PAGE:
So I know you people get tired of hearing me drone on and on about the same old stories day after day. Kids pooped all over the place… I drink the pain away… blah blah blah.
So I asked my good friend Jen to regale us with a recount of her recent adventure with her son, a vending machine and a crowd of judgemental eyes.
Now if you’ll excuse me I have to get back to watching Teen Wolf Too.
*When contacted by Hannah to guest blog for Skidmarking, I was both honored and surprised. After all, how could I have ever guessed that those classic college days we spent exploiting our livers and dancing like we belonged on a pole would lead to this: bonding over maternal shortcomings and sharing parenting debacles with the Internet sect? Oh, the places you’ll go. Preach it, Seuss.
Channeling my best Sophia Petrillo, I ask you to picture it: Vetta Soccerdome, Saint Louis, Missouri. Much like other upwardly mobile parents desperate for their yuppie children to excel in the fabric of suburban life, we enrolled our 4-year-old son in soccer lessons. What this means for Logan is he gets to run around and disobey someone else for 50 minutes per week. What this means for me is I get to gossip with my friend Nancy and take a much needed break from my constant vigil against kidnappers and child molesters. Everyone wins….well, except the child molesters.
Of the many things I envisioned stemming from soccer lessons (free college tuition at some fancy school, Nike commercials extolling Logan’s talent and agility, David Beckham begging for his autograph), I never would have imagined this:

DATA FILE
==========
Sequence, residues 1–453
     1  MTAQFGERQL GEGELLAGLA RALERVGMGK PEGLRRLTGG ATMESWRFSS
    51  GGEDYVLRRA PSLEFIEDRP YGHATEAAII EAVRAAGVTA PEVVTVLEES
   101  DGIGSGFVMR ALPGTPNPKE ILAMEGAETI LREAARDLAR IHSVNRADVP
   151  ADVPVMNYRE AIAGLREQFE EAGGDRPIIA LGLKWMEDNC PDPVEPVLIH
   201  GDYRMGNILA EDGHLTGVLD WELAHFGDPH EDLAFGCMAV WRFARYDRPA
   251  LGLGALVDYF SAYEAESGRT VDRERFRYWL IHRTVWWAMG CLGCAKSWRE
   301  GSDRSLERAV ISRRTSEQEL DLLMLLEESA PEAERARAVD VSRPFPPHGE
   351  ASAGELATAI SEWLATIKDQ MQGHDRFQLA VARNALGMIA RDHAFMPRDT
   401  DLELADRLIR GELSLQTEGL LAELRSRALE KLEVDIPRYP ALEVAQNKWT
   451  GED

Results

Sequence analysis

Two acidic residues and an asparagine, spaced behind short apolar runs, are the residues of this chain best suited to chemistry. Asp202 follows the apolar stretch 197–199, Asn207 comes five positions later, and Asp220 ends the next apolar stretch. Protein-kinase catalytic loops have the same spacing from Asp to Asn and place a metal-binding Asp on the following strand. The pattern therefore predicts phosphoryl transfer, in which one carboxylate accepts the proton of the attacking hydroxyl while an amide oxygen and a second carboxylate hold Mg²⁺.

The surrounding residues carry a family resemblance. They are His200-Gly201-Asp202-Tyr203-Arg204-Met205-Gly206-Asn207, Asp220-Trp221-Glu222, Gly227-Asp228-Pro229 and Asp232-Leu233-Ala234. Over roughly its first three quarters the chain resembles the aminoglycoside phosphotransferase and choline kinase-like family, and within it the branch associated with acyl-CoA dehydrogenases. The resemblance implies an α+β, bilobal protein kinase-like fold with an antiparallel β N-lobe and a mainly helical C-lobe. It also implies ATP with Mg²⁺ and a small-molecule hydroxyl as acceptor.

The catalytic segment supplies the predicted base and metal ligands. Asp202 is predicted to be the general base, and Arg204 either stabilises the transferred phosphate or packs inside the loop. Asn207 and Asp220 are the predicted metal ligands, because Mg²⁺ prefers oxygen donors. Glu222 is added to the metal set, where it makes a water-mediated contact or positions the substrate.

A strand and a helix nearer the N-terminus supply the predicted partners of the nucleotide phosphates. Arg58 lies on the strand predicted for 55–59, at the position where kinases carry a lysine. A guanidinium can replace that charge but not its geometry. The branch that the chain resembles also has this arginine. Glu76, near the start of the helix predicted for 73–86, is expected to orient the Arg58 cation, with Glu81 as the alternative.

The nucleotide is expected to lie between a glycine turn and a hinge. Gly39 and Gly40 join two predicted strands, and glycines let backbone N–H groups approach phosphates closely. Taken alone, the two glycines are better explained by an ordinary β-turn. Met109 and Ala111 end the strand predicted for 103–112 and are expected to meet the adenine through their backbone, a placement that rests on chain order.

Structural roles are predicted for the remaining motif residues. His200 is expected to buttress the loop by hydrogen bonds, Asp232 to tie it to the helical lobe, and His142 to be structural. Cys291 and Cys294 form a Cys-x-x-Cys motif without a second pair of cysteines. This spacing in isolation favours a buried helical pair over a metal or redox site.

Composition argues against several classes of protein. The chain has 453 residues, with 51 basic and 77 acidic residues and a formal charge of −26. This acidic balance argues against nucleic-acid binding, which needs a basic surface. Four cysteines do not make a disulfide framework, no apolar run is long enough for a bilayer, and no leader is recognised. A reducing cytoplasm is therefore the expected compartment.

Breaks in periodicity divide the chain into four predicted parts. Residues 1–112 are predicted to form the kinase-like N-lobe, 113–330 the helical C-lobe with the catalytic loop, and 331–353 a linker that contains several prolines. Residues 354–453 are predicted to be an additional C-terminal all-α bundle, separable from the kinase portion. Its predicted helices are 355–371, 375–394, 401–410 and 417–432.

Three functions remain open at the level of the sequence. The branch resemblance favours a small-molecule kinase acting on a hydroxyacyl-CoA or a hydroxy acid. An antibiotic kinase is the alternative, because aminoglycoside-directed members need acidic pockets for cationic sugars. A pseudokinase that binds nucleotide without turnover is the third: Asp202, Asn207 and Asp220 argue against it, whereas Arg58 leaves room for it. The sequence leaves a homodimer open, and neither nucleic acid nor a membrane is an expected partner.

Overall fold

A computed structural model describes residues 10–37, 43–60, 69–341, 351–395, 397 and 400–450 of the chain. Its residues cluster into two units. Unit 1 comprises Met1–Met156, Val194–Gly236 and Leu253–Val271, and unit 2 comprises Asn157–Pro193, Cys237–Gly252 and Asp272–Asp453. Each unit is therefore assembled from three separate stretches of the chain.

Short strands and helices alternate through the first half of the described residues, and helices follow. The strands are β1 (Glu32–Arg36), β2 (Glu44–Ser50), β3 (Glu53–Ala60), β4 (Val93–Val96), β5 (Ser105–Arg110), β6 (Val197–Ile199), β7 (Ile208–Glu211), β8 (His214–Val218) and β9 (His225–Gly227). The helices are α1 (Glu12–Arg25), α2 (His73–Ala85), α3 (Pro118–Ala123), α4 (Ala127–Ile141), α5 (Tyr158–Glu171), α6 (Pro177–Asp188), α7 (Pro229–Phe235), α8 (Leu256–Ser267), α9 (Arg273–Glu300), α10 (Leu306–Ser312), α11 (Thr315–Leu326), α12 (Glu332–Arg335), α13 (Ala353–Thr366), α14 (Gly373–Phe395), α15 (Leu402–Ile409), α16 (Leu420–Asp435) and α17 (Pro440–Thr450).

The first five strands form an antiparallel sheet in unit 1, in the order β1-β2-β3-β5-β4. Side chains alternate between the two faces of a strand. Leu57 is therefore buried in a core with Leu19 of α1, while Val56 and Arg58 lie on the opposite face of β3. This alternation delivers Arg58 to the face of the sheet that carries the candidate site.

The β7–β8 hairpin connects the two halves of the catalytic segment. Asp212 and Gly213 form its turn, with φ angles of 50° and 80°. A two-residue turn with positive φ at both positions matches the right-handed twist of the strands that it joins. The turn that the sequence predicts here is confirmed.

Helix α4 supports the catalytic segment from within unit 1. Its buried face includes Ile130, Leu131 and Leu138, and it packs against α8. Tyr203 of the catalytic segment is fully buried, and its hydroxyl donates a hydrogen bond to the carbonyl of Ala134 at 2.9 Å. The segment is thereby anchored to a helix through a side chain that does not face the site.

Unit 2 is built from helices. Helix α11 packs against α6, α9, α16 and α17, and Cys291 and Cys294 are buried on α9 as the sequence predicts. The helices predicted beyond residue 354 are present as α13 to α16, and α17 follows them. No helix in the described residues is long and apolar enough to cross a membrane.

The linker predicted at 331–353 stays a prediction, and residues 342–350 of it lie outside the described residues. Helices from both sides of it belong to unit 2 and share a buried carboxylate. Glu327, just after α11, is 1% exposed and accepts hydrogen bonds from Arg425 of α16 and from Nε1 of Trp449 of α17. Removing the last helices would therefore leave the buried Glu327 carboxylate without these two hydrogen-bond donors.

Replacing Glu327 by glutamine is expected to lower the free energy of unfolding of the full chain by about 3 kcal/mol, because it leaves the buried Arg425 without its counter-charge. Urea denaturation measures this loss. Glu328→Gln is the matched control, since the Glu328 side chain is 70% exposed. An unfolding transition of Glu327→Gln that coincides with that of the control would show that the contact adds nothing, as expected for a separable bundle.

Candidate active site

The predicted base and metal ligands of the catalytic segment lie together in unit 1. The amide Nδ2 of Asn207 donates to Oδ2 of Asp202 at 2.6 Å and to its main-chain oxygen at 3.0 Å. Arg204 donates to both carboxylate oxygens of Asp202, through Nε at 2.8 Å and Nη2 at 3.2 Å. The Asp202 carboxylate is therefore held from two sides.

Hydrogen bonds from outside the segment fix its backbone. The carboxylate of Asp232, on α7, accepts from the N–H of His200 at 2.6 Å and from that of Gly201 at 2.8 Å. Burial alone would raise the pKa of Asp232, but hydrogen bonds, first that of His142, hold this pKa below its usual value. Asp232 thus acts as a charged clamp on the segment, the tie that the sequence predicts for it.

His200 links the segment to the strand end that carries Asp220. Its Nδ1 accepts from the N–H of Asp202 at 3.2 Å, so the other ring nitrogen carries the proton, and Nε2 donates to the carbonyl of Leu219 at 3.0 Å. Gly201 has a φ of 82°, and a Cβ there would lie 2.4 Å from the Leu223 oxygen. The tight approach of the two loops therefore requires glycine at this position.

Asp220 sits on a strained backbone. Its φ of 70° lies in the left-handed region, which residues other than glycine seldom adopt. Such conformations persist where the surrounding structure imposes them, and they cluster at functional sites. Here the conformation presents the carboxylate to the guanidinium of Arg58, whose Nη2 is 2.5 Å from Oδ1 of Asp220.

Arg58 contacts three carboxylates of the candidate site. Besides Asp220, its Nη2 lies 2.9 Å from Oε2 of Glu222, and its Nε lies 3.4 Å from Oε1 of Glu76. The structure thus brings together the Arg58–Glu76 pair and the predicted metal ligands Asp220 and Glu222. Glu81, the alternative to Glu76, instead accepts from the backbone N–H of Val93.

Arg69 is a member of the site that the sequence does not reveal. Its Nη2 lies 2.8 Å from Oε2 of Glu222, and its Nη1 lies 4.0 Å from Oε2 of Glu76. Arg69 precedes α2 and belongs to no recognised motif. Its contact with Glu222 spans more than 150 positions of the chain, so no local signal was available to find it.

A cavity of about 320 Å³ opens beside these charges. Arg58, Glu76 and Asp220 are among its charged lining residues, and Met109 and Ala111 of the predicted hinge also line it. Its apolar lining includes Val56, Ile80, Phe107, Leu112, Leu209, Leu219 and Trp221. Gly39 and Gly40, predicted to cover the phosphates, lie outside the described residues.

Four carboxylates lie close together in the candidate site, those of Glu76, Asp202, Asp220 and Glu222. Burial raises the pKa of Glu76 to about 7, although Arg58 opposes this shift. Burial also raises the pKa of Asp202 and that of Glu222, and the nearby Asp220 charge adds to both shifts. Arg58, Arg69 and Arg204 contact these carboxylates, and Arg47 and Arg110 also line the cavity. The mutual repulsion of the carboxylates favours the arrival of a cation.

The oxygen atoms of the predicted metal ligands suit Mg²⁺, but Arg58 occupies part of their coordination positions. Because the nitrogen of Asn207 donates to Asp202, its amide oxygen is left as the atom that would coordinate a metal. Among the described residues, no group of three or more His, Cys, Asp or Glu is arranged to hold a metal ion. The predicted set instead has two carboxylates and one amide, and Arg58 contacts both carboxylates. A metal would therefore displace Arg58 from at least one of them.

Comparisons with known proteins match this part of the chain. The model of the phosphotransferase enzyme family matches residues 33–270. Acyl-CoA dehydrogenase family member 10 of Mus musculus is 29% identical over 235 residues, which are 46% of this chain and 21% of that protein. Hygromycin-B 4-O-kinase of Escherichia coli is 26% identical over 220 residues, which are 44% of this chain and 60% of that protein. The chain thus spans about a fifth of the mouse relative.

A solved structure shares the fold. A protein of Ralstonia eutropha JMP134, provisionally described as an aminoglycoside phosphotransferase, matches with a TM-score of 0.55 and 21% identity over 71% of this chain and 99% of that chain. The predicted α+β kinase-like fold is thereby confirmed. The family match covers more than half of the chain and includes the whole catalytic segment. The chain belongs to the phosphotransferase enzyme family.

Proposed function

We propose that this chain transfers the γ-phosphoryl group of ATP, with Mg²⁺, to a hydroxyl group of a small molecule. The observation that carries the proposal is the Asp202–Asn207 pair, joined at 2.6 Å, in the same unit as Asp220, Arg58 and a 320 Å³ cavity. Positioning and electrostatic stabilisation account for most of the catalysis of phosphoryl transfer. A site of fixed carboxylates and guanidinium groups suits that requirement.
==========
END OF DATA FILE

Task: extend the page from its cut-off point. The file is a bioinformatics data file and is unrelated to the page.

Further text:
My son stuck in a vending machine.
It’s not that I wasn’t watching him. It’s more like I was watching but didn’t particularly care what he was doing. There, I said it. In the blink of an eye he went from reaching an arm into the prize door, to ducking his head in and, just as quickly, slipping the second arm inside. And there he was: a child buried to his waist in a 7” x 9” hole. Legs flailing, arms pinned, and with a nonbreakable (I tried) plexiglass door clamping down on his neck each time he tried to pull himself out. Horrifying. Humiliating. And yet, kind of charming in its own “just wait until your rehearsal dinner” kind of way.
It’s amazing the things you think of when you find yourself prostrate in front of a vending machine. If you’re wondering what, here’s a hint: you’re thinking about the 45 parents who just formed a crowd around you to gawk at your screaming child. You’re mourning the soccer lessons your son used to take before you had to reallocate the money towards his therapy. And you’re wondering if you can get him out of the machine and drive off before Child Protective Services comes to take your child.
So, draped in the warm glow of scathing judgment, I extracted Logan. First I had to staunch the raccoon-tossed-on-a-fire screams emanating from my firstborn. If there is ever something that will keep me up at night, aside from wondering how Mariah Carey’s Glitter was green lit, it will be those screams. Next I had to run about 800 algebraic permutations to find the best angle to lift him out without, say, decapitating him.
In the end, it was nature that saved the day. Logan was so scared, so hysterical that he soaked his entire head and shirt with sweat. I was able to use that to first slip his arms out and, with the help of a stranger who held the door off his neck, turn him on his side, press his head against the floor of the machine, and lift him up and out. Blessed freedom! As my friend Kate so eloquently said, it’s like a vending machine gave birth to my son.
In the end I was left with one very sad little boy who learned his lesson for about 3 seconds before, I kid you not, stuck an arm up into the air hockey table. Much like his mother and rail vodka, he never learns.